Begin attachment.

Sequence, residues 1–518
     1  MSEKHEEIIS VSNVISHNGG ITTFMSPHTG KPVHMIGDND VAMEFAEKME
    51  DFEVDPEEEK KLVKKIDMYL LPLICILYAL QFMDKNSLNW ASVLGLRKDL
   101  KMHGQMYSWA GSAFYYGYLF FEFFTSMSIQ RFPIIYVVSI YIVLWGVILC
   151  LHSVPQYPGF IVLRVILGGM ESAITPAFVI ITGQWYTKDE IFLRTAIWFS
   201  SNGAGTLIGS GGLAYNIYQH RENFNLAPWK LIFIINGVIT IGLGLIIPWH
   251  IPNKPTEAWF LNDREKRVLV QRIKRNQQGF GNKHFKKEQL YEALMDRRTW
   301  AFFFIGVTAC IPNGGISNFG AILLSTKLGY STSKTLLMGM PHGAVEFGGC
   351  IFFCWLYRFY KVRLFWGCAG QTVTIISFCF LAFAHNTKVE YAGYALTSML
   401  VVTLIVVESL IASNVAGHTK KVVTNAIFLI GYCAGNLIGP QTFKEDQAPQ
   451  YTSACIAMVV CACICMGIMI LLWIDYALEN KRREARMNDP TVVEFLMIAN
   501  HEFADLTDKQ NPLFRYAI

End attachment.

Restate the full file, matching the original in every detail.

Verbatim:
Sequence, residues 1–518
     1  MSEKHEEIIS VSNVISHNGG ITTFMSPHTG KPVHMIGDND VAMEFAEKME
    51  DFEVDPEEEK KLVKKIDMYL LPLICILYAL QFMDKNSLNW ASVLGLRKDL
   101  KMHGQMYSWA GSAFYYGYLF FEFFTSMSIQ RFPIIYVVSI YIVLWGVILC
   151  LHSVPQYPGF IVLRVILGGM ESAITPAFVI ITGQWYTKDE IFLRTAIWFS
   201  SNGAGTLIGS GGLAYNIYQH RENFNLAPWK LIFIINGVIT IGLGLIIPWH
   251  IPNKPTEAWF LNDREKRVLV QRIKRNQQGF GNKHFKKEQL YEALMDRRTW
   301  AFFFIGVTAC IPNGGISNFG AILLSTKLGY STSKTLLMGM PHGAVEFGGC
   351  IFFCWLYRFY KVRLFWGCAG QTVTIISFCF LAFAHNTKVE YAGYALTSML
   401  VVTLIVVESL IASNVAGHTK KVVTNAIFLI GYCAGNLIGP QTFKEDQAPQ
   451  YTSACIAMVV CACICMGIMI LLWIDYALEN KRREARMNDP TVVEFLMIAN
   501  HEFADLTDKQ NPLFRYAI